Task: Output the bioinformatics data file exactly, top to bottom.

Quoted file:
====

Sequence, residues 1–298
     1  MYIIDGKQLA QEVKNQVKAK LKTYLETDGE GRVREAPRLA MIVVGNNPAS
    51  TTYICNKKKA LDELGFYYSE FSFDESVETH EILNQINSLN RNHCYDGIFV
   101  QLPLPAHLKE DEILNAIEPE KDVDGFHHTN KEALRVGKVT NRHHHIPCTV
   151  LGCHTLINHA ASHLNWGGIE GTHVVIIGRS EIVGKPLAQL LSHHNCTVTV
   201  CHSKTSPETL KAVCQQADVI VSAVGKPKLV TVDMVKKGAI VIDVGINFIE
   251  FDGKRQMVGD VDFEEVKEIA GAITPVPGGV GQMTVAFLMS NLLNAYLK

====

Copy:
Sequence, residues 1–298
     1  MYIIDGKQLA QEVKNQVKAK LKTYLETDGE GRVREAPRLA MIVVGNNPAS
    51  TTYICNKKKA LDELGFYYSE FSFDESVETH EILNQINSLN RNHCYDGIFV
   101  QLPLPAHLKE DEILNAIEPE KDVDGFHHTN KEALRVGKVT NRHHHIPCTV
   151  LGCHTLINHA ASHLNWGGIE GTHVVIIGRS EIVGKPLAQL LSHHNCTVTV
   201  CHSKTSPETL KAVCQQADVI VSAVGKPKLV TVDMVKKGAI VIDVGINFIE
   251  FDGKRQMVGD VDFEEVKEIA GAITPVPGGV GQMTVAFLMS NLLNAYLK